If you’re reading this, you’re probably somewhere between “I haven’t sat on a bike ever since I was 7 years old” to “I ride a bike twice a week plus I commute to work sometimes”. And yet you nurture a dream of cycling extremely long distances in high level competitions or beating the world record of some sort. And that’s great! We’ll look at the theory of what you need to do to get there, step by step. But don’t forget, theory is just that – a theory, and only practice (a lot of practice) makes perfect.
If you belong to the first category of the two listed above, then you will probably need things as evident as a bike. If the gap between your current fitness level and cycling skills you hold right now and those you are aiming for is huge, my advice is to save up on that extremely expensive bike for when you’re somewhere closer to the goal of yours. For the very beginning, a bike that is simple but perfectly adjusted to your physical properties will be more than enough. Other types of gear, on the contrary, can be taken a lot more seriously, especially a helmet. If you pick something up after a long time, or potentially for the first time, failure is unavoidable, and you want to protect your head when that happens.
Finding your Style
Once you’ve gotten to the point where you feel good on a bike, cycling is a pretty unmovable part of your weekly routine and you never lose your breath after 5 sets of stairs, I believe you are ready to take your cycling to the next level! It includes thinking, planning, determining and outlining your preferences in terms of speed, intensity and so on. These are very important! They will guide you towards your specialization in cycling, be it trekking, mountain biking or long-distance races.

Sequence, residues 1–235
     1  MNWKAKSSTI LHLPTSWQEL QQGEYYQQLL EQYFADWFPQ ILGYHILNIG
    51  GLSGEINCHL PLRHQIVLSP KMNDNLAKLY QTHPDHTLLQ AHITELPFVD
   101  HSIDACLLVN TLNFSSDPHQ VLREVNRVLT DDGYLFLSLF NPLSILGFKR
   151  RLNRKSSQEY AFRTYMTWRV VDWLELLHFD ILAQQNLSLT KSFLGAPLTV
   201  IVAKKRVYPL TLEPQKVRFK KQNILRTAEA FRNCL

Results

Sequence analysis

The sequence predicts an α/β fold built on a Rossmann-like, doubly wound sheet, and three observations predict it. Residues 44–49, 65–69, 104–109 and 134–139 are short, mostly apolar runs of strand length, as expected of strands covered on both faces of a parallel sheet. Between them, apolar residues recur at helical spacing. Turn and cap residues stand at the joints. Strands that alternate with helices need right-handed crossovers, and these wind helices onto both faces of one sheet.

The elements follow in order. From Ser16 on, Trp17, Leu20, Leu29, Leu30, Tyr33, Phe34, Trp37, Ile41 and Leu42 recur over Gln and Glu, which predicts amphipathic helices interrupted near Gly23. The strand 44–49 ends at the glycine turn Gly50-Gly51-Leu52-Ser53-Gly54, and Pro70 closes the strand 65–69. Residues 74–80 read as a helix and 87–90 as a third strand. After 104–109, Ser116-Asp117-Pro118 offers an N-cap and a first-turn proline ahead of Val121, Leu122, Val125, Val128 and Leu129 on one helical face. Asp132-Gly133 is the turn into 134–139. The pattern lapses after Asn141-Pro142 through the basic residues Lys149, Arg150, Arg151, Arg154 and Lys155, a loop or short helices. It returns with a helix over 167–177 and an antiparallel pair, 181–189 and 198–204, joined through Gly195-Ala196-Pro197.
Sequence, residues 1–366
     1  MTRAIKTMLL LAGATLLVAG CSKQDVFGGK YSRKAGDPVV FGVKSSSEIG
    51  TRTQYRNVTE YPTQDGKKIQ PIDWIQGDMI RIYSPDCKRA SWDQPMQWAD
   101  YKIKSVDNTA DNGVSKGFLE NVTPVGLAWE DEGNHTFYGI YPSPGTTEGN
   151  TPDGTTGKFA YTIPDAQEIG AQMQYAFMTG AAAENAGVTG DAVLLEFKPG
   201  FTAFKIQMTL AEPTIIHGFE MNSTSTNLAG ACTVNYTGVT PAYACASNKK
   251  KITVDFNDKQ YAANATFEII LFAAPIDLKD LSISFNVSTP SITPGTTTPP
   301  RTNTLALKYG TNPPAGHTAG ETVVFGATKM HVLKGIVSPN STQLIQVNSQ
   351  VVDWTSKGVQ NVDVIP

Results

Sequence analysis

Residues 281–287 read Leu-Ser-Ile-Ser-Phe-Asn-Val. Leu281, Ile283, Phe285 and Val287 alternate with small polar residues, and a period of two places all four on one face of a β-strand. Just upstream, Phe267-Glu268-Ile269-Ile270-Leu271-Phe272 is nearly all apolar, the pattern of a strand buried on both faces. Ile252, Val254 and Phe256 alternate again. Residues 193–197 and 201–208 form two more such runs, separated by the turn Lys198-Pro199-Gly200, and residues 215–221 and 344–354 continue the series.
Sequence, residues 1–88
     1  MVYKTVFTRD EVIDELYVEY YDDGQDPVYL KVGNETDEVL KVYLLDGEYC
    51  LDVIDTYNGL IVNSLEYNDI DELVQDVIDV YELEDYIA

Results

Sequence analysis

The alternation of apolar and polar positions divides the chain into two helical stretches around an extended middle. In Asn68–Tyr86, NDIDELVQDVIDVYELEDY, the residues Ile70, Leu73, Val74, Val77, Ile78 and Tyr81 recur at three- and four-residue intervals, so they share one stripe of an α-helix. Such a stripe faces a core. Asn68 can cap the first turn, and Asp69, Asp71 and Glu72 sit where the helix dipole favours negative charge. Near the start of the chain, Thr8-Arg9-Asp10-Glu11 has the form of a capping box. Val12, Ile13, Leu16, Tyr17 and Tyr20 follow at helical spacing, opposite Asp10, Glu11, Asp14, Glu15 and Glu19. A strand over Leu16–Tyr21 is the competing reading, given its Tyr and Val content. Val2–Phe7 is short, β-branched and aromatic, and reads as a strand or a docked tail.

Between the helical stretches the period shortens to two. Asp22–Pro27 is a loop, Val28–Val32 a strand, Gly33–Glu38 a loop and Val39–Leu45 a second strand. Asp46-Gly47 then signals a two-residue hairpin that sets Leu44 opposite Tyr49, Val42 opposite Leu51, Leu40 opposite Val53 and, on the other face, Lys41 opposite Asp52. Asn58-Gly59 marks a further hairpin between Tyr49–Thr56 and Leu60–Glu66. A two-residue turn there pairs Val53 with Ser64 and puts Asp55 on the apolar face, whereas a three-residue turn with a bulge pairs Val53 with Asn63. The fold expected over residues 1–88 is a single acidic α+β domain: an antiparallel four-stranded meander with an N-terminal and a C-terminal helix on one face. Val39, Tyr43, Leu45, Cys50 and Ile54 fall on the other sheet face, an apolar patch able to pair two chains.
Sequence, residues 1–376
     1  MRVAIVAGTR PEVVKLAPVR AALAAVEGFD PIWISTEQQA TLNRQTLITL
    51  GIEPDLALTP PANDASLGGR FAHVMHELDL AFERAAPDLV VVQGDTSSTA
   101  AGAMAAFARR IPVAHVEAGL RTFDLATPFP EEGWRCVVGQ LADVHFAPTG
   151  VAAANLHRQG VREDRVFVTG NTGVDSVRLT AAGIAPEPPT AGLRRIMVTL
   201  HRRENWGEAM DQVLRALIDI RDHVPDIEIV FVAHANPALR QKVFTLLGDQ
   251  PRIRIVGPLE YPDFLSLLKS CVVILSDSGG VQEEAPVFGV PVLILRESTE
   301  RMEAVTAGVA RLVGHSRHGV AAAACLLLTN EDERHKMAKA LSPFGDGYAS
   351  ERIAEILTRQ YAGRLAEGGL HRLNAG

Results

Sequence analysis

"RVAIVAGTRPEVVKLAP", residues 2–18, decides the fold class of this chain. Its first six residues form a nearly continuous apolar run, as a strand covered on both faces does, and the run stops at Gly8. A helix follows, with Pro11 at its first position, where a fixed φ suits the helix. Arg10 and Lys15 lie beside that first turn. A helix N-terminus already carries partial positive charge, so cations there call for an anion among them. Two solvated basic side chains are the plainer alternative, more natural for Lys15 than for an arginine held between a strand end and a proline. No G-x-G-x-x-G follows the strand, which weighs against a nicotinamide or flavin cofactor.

Take some time to picture yourself in 4 years from now next to your bike and envision what your workout will look like then. It should answer your questions as to whether you are more of an indoor or outdoor cycling enthusiast, whether you prefer long distances and mellow, thought-through pace or sprints. And that, together with analysis of your progress, body composition and general talent, is crucial for successfully achieving your goals and choosing the right cycling branch for yourself.
Also, time to start incorporating more and more strength and endurance training into your life! You have to make sure those muscles are prepared for all that cycling! Lift weights, go for an occasional run, incorporate more sprints into your cycling routines, get some HIITs in. Or even better – hire a personal trainer, to whom you will be able to communicate your goals with cycling and who will set up some sort of program for you outside of cycling yet designed to aid your performance.